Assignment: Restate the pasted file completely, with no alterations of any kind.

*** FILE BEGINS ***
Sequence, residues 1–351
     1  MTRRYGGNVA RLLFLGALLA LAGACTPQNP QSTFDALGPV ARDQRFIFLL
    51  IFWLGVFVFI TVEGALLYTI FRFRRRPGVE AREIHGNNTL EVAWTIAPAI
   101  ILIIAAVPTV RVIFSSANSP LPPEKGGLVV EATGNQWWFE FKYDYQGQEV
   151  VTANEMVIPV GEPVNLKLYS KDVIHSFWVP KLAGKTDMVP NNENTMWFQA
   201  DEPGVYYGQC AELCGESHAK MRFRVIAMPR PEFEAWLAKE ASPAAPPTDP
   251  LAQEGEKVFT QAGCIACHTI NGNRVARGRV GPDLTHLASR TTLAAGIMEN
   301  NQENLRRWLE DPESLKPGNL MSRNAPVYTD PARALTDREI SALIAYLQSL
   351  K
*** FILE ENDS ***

Sequence, residues 1–351
     1  MTRRYGGNVA RLLFLGALLA LAGACTPQNP QSTFDALGPV ARDQRFIFLL
    51  IFWLGVFVFI TVEGALLYTI FRFRRRPGVE AREIHGNNTL EVAWTIAPAI
   101  ILIIAAVPTV RVIFSSANSP LPPEKGGLVV EATGNQWWFE FKYDYQGQEV
   151  VTANEMVIPV GEPVNLKLYS KDVIHSFWVP KLAGKTDMVP NNENTMWFQA
   201  DEPGVYYGQC AELCGESHAK MRFRVIAMPR PEFEAWLAKE ASPAAPPTDP
   251  LAQEGEKVFT QAGCIACHTI NGNRVARGRV GPDLTHLASR TTLAAGIMEN
   301  NQENLRRWLE DPESLKPGNL MSRNAPVYTD PARALTDREI SALIAYLQSL
   351  K